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Stroke in Children
happens when blood flow to part of the brain is interrupted. This can cause serious brain damage from a lack of oxygen. Brain function may be affected depending on where the stroke happens. A stroke can happen when your child is still in the womb, or at any age after birth. A stroke caused by a blood clot is called an ischemic stroke. A stroke caused by a burst or torn blood vessel is called a hemorrhagic stroke. Signs and symptoms of a stroke will depend on where in the brain it occurred. Signs and symptoms usually appear suddenly.
Warning signs of a stroke:
The word F.A.S.T. can help you remember and recognize warning signs of a stroke.
- F = Face: One side of the face droops.
- A = Arms: One arm starts to drop when both arms are raised.
- S = Speech: Speech is slurred or sounds different than usual.
- T = Time: A person who is having a stroke needs to be seen immediately. A stroke is a medical emergency that needs immediate treatment. Some medicines and treatments work best if given within a few hours of a stroke.
Signs and symptoms of a stroke in infants:
- Trouble eating
- Trouble breathing or pauses in breathing
- Paralysis on one side of his or her body, or a tendency to use only one arm
- Developmental delays such as crawling later than usual
Signs and symptoms of a stroke in older children and teenagers:
- Being less awake than usual or loss of consciousness
- Headache with or without vomiting
- Sudden weakness in an arm or leg, or trouble walking
- Sudden changes in mood or behavior
- Trouble speaking or swallowing
- Blurred or double vision
- Having trouble completing schoolwork
Call your local emergency number (911 in the US) for any of the following:
- Your child has any of the following signs of a stroke:
- Numbness or drooping on one side of the face
- Weakness in an arm or leg
- Confusion or difficulty speaking
- Dizziness, a severe headache, or vision loss
- Your child's arm or leg is warm, tender, and painful. It may look swollen and red.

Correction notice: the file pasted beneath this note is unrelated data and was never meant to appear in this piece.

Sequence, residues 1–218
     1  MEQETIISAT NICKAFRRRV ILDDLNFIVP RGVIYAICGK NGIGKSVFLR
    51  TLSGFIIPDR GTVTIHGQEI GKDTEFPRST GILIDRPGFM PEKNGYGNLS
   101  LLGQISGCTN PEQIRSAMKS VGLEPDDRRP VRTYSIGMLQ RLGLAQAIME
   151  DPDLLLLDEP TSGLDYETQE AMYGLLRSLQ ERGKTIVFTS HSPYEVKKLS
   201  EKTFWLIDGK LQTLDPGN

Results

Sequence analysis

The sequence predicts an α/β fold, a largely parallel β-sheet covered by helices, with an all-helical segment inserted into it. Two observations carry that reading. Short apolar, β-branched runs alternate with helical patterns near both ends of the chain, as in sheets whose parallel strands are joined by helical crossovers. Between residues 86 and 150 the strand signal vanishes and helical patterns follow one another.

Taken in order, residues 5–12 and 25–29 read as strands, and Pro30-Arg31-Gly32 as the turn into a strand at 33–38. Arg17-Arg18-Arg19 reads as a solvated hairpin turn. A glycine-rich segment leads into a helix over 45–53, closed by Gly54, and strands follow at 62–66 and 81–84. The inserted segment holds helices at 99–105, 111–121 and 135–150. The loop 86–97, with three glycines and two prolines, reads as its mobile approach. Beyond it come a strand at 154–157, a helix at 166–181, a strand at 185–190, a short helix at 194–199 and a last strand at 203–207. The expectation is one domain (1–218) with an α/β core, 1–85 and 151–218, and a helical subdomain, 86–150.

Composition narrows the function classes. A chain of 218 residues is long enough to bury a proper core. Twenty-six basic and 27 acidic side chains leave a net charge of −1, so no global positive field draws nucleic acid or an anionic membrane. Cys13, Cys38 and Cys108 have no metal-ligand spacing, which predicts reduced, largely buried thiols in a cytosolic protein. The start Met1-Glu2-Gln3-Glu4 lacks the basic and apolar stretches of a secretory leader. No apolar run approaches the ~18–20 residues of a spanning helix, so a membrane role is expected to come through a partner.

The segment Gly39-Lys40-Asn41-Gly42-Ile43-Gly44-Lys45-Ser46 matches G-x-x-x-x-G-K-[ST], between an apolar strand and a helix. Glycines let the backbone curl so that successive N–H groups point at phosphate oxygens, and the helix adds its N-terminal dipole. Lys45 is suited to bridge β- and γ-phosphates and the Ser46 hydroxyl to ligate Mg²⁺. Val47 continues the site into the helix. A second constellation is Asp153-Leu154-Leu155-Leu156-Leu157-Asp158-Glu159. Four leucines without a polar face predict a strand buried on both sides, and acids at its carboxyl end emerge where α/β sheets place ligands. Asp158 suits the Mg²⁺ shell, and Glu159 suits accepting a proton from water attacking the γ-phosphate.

- Your child has a seizure.
- Your child feels lightheaded, short of breath, and has chest pain.
- Your child coughs up blood.
Call your child's pediatrician if:
- Your child has vision loss or a severe headache.
- Your child has trouble having a bowel movement or urinating.
- You have questions or concerns about your child's condition or care.
will depend on the type of stroke your child had. It will also depend on what has caused the stroke. Your child may need any of the following:
- Medicines may be given to break up clots or help your child's blood clot more easily. Your child may also need medicine to control seizures.
- Thrombolysis is a procedure used to break apart clots in an artery in the brain. A catheter is guided into the artery until it is near the clot. Medicine is put through the catheter that will help break apart the clot.
- Surgery may be used to remove a blood clot or to relieve pressure within your child's brain. Your child may also need surgery to place a clip to stop blood flow into an artery in his or her brain.
Follow up with your child's pediatrician as directed:
Your child may need to come in for regular tests of his or her brain function. Write down your questions so you remember to ask them during your visits.
Your child's healthcare provider will test your child's recovery 90 days (3 months) after the stroke. This may be done over the phone or in person. The provider will ask how well your child can do the activities he or she did before the stroke. The provider will also ask how well your child can do daily activities without help. Your child's provider may make recommendations for your child based on the test. For example, your child may need someone to help him or her walk safely. Your child may also need help with daily activities, such as getting dressed. Based on the answers, your child's provider may do this test again over time.